Today we will be hearing from Shane Koyczan, award winning spoken word poet and author. He is a Canadian who is known for writing about issues related to bullying, cancer, death and eating disorders. Shane is someone who draws on difficult personal experiences for the subject of his writing and inspirational speeches. He demonstrates how we can all learn and grow in the face of challenges and hardships, and find beauty in ourselves and in the world.
After watching the video follow the three steps below.
Step 1: With you elbow partner please take 30 seconds to give your impressions of the poem.
(Return to Advisory for step 2)
Step 2: Once put into small groups select one person to be the recorder (that person will need an iPad).
Select the link below which will bring you to a google form. The form has several quotes from the poem and a questions below. Discuss the quote and the question and form an answer, or response, that is then entered into the form by the recorder.
-You only need one recorder.
-You only need to complete one question.
Step 3: When you are completed at least one of the questions with your group, choose one of the quotes to focus on and create a skit, a poem of your own, a visual art piece, or something to demonstrate the quote. You will share your art form with your buddy advisory at 11:50am.
After hundreds of emails I’ve finally updated my blog with the information from the Anti-Bullying class last week.
Here is the video that some of had a chance to watch. What I really like about this video is that it is not made for the bully or for the bully’s target but for the bystander that might be observing the bullying, whether online or in person.
Watch the video again and consider your role in bullying that you observe.
Being a bystander vs. being an Upstander.
Put simply, a bystander is standing by watching whereas an being an Upstander means that you are ‘standing up’ and helping to make the situation better.
For more info on how to be an Upstander, please check out the document below. 10waystobeanupstander
Also, I wanted to include the Bullying spectrum. It brought about a lot of positive conversation so I thought that I would share it here.
Where would the bullying that you see or hear about fit on this spectrum?
I couldn’t get a screen shot of the whole map so I took two.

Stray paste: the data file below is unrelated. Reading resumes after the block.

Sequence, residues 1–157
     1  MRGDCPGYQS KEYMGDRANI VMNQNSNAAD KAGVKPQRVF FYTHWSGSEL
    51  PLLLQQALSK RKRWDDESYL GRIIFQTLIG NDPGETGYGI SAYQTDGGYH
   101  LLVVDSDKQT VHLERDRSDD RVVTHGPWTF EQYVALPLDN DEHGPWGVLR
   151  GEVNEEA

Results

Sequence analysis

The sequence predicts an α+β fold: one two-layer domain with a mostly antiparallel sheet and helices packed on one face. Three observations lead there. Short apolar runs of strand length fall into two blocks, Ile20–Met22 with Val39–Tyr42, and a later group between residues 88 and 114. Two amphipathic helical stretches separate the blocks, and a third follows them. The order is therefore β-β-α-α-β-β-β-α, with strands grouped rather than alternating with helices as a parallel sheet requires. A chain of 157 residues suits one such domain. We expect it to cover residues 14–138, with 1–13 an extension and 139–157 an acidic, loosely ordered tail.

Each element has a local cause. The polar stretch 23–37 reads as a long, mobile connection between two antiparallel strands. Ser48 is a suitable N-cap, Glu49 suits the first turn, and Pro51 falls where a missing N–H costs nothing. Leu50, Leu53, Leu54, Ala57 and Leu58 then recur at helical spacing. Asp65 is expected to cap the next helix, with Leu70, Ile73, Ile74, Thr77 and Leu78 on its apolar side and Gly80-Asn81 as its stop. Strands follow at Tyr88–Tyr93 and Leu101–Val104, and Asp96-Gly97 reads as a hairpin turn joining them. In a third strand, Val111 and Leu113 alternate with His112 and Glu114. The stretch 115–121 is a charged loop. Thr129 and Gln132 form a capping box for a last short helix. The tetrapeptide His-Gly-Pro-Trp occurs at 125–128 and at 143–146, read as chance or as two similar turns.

At an international school such as AES we love to celebrate the fact that our students are from all over the world. We’d love for you to contribute to an AES Map that shows where “home” is to you. The idea of “home” may be more difficult to define for some of us who have spent our life traveling the world, moving from post-to-post and integrating in and out of cultures.
… where you grew up?
… the place where your passport is from?
… where your parents are from?
… where you lived last?
… a place that you identify with?
Home may actually be many places but I will ask you to select one place, if you can to put on our shared map.
I often get to give advice to students and parents regarding improving academic success. Here is a list of a few worthy tricks for academic success.
Do your HW at a consistent time and in a consistent environment
Check in with your teacher regularly
This last one can cause people to pause. We’re so busy with our course work, why should we give time to something that takes away from academics. The short, simplified answer is that exercise makes our brain learn better.
A recent study showed that regular exercise over a period of 9 months increased the brains executive control (sometimes referred to as executive function*) while given a cognitive (thinking) tasks.
This makes very happy to be at a school where physical education is not only well resources, but mandatory for all MS students. This also seems like a good place to provide a link to all of our after school activities, many of which are physical, and sports.
Work up a sweat.
*For more info on Executive Function and why it is so important please take a look at the following video from Center on the Developing Child -Harvard University. While the video seems to emphasize early childhood, it is easy to see how these functions develop throughout adolescence into the teen years, and even as adults.